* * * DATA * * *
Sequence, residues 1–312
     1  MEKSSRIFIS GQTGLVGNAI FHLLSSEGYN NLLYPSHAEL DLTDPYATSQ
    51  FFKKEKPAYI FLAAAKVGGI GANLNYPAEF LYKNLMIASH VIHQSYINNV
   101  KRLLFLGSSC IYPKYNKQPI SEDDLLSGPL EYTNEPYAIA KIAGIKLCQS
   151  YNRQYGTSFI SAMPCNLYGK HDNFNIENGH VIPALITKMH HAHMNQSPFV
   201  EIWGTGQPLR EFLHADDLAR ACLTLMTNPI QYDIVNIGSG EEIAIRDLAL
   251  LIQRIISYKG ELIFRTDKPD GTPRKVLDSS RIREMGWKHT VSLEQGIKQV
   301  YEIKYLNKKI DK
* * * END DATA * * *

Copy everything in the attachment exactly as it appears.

Sequence, residues 1–312
     1  MEKSSRIFIS GQTGLVGNAI FHLLSSEGYN NLLYPSHAEL DLTDPYATSQ
    51  FFKKEKPAYI FLAAAKVGGI GANLNYPAEF LYKNLMIASH VIHQSYINNV
   101  KRLLFLGSSC IYPKYNKQPI SEDDLLSGPL EYTNEPYAIA KIAGIKLCQS
   151  YNRQYGTSFI SAMPCNLYGK HDNFNIENGH VIPALITKMH HAHMNQSPFV
   201  EIWGTGQPLR EFLHADDLAR ACLTLMTNPI QYDIVNIGSG EEIAIRDLAL
   251  LIQRIISYKG ELIFRTDKPD GTPRKVLDSS RIREMGWKHT VSLEQGIKQV
   301  YEIKYLNKKI DK